Professor Shoji Torii, Director of the Waseda Institute for Space Science Observation System

Waseda's pedigree in space science

Space science at Waseda University has its own unique history and tradition. One factor leading to the core of the current project was space science activities conducted at the Research Institute for Science and Engineering (currently restructured to a department of the Waseda Research Institute for Science and Engineering). Retired professors Tadayoshi Doke and Jun Kikuchi pioneered development of space sensors and particle measurement devices. Such technology has been adopted for the space development of JAXA. The majority of members at the current research institute have conducted research activities as part of this pedigree.

Waseda has also conducted a project to develop an ultra-small satellite, which is rare for a university to attempt independently. Through total mobilization of scientific and engineering technology which includes fuselage design, heat control systems, attitude control, data processing, communication systems, power systems and experimental system, the project has sought to develop an ultra-small satellite which can withstand special space missions. Waseda-sat2, the second satellite developed, was excellently selected as part of the MEXT's open application for small satellites and was launched in 2010.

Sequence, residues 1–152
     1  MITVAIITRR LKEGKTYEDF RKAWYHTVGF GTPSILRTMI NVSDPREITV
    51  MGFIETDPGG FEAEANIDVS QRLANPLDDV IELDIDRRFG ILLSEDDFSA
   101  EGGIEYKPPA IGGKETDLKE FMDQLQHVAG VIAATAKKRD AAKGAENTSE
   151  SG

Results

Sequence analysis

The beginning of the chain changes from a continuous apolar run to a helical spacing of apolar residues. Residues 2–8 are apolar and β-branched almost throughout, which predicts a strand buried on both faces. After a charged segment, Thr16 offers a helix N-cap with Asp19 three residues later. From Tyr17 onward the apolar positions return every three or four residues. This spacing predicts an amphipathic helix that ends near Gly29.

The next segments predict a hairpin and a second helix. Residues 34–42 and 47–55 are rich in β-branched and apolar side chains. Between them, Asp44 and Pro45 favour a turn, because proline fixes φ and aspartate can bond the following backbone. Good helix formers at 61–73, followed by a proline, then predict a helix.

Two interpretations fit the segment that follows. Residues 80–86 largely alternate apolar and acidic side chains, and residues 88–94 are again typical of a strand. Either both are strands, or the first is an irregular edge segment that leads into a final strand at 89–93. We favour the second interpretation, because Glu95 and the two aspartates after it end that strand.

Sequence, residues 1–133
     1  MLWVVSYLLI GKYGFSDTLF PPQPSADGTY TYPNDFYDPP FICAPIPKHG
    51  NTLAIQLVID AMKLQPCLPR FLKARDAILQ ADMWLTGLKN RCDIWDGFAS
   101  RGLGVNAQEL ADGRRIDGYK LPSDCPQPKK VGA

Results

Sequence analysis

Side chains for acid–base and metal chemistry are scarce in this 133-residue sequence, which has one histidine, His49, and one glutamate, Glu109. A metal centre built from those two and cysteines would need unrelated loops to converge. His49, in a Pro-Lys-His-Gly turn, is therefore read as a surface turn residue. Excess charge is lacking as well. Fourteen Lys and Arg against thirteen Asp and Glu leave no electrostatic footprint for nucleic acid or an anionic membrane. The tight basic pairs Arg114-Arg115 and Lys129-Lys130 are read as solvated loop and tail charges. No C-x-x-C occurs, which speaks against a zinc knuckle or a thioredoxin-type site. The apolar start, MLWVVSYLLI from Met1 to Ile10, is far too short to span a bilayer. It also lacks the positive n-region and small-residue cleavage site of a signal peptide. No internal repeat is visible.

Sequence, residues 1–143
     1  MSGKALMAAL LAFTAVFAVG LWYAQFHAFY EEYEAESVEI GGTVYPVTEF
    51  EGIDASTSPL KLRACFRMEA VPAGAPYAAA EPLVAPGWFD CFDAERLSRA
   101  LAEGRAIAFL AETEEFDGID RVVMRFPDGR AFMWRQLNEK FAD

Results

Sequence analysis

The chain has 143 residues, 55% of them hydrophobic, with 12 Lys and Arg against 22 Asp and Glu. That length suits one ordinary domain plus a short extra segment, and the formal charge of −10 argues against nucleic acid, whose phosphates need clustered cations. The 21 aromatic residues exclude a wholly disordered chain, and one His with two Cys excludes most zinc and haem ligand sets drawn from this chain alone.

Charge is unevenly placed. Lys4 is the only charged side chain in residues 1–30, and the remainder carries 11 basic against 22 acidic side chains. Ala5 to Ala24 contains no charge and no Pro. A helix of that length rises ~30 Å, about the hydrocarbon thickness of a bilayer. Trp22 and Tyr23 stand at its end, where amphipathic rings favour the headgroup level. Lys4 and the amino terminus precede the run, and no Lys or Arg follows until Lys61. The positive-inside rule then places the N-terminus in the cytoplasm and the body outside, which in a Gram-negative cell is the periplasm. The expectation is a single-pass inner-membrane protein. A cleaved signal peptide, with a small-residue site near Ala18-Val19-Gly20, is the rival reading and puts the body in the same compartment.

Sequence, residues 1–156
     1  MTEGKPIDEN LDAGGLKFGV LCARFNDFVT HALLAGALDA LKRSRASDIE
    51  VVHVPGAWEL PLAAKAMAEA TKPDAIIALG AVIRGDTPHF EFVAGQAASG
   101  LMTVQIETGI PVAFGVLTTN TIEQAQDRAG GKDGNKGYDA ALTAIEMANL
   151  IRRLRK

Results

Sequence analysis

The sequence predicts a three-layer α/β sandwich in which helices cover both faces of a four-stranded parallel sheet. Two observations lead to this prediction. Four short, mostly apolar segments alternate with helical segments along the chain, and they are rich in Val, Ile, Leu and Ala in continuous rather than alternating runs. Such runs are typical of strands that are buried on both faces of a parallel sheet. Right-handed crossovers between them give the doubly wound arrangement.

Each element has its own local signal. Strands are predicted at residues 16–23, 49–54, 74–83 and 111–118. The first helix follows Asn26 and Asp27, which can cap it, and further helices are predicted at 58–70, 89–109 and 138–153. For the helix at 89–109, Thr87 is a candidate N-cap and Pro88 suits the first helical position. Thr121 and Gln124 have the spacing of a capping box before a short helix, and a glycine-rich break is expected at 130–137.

Furthermore, Waseda's reputation in theoretical physics has been spread throughout the world by individuals such as Mikio Namiki (deceased), who pioneered fundamental theory such as elementary particle theory, and Katsumi Yamada, who theoretically predicted neutron star matter. Physicists who inherited this history form the project research center known as the Institute for Astrophysics. Currently, members of the institute are responsible for the theoretical analysis team at the Waseda Institute for Space Science Observation System. In this way, our institution possesses a broad and deep range of researchers specializing in fields from science to engineering.

"Up until now, each researcher involved in space science independently acquired external funding or conducted joint research with JAXA (Japan Aerospace Exploration Agency). In this way, world-class research results have been produced. Of course, researchers known about each other's activities and have cooperated. However, efforts to conduct joint official research in space science are a recent trend at Waseda University. Such efforts began from around 2009, when a movement began to establish our institute." (Professor Torii)